Traditionally, Jews have prepared for the holidays of Tishrei by reviewing events of the last year. There are some among us, though, who could not perform the year-end review as they suffer the assaults of time with little memory intact. Because of the Alzheimer’s epidemic and the growing tide of dementia in our community, many among us are lost in the timeless and sometimes wordless dimension of forgetfulness. So during those days that have just passed, when we fondly remember those who came before, when we revisit the anniversary of the creation of the world and when we ask to be remembered in the Book of Life, we should pause to remember those around us who cannot.
Those in our community with cognitive impairments also have difficulty participating in the social flow of life and live at the edges of our community. So often, they are forgotten as well. But it’s not just whom we are forgetting, but what we are forgetting. If we can remember the languages from yesteryear, the language of play, song, dance and storytelling, the open-hearted expressiveness of youth and even the intimacy created by a shared meal, we can forge a bond with those whom we might otherwise find ourselves forgetting.
In the Torah, Rosh Hashanah is referred to as “Yom HaZikaron,” or “the Day of Remembrance.” Memory rests at the heart of all we try to accomplish during the High Holidays and the rest of the year, and we can certainly work at being good “rememberers.” One way to do that is to recall the words of the Ba’al Shem Tov, who said, “Remembering is the source of redemption. Exile persists as long as one forgets.”
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Fundraiser organizers thank community
University of Toronto medical students annually create a team called Breast Friends that raises money for Princess Margaret Hospital’s weekend to end women’s cancers. This year, an extraordinary group came together under the leadership of Nicola Goldberg and Melanie Kalbfleicsh. The team raised more than $17,000 over the year. The group held numerous bake sales for the medical students in both first and second year; they organized bar nights and post-exam parties, and they’re in the process of creating a cookbook with recipes from students, physicians and faculty to sell to the general public.
However, Breast Friends most exciting event of the year was their extremely successful Pink Tie Affair, held Aug. 30 at the Skybar Nightclub in Toronto. There were more than 500 young adults dressed in pink in attendance, and over $8,000 was raised. Sara Fairweather, Goldberg and I spent the last year organizing the event, and even we could not have imagined a more successful party. Other than medical students, there were hundreds of young Jewish adults in attendance. Without the support of the Jewish community, the amount of money raised and the number of tickets sold would not have been possible. It is so nice to see how our community comes together to support great causes.
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Due to their rarity, the following Hebrew calendar phenomenon, set to occur in the Gregorian year 2013, might be of interest to your readers. At the present time, the first day of Pesach cannot occur any earlier in the Gregorian calendar than on March 26. This phenomenon last occurred 114 years ago in Greogrian year 1899 and will now happen on March 26, 2013. This earliest Pesach date will next occur 76 years from now in Gregorian year 2089. After that, the earliest Gregorian date for Pesach will be March 27. Pesach will first occur at this new earlier date in Gregorian year 2032.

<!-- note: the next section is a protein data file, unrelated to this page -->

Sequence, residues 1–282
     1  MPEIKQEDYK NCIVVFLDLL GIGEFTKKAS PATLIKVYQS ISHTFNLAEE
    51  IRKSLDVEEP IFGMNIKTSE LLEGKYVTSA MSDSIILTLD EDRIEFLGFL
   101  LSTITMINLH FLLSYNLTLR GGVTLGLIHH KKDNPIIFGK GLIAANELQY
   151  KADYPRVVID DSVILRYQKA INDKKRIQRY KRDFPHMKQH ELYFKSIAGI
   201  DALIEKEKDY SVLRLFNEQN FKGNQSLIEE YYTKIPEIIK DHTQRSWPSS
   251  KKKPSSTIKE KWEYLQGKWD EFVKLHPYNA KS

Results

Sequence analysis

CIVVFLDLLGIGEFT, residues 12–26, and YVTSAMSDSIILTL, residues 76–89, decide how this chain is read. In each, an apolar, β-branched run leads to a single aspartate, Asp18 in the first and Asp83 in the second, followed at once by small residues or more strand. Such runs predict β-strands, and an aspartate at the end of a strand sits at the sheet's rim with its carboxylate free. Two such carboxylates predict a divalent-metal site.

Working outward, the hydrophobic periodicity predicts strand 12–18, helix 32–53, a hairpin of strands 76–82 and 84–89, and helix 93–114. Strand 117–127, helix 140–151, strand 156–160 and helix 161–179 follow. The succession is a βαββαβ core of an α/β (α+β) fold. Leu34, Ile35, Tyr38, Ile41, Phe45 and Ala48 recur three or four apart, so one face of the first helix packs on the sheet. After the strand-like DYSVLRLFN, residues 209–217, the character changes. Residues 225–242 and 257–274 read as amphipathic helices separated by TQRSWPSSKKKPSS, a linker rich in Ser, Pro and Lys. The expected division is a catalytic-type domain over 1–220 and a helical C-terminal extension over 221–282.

Assuming that over unlimited time periods the calculation rules remain the same for both the Gregorian and Hebrew calendars, then after Gregorian year 2089, the first day of Pesach will again occur on March 26 in Gregorian year 79431 (corresponding to Hebrew Year 83191). However, at that time, March 26 will be the latest (and not the earliest) Gregorian date possible for the first day of Pesach. A very similar script applies to Rosh Hashanah 5774, whose first Gregorian day is Sept. 5, 2013.
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The report that the U.S. House of Representatives considered a bill that would compel the administration to raise the issue of Jewish refugees in any international form in which Palestinian refugees are discussed is long overdue. For years, the Palestinians have argued for a right of return for those Arabs who left after the creation of the State of Israel. Little has been said about the almost one million Jews who were driven from Arab countries without compensation, many of whom found refuge and citizenship in Israel. In contrast, the Arabs who went to Arab states were placed in filthy camps and were usually never permitted to obtain citizenship in Arab countries. Since 1948, they have been supported by the United Nations, while the Jews driven from Arab lands have become hard-working, industrious and productive citizens of the State of Israel.
For demographic reasons, the Arabs who left Israel can never be granted the right of return. If the final solution is monetary compensation for Arab refuges, then that must be offset by the money due to those Jews whose property and possessions were expropriated as they were driven from Arab lands. The Arab countries will steadfastly refuse to make any payment, and, therefore, the end result will be a wash, and Israel will not be obliged to pay anything.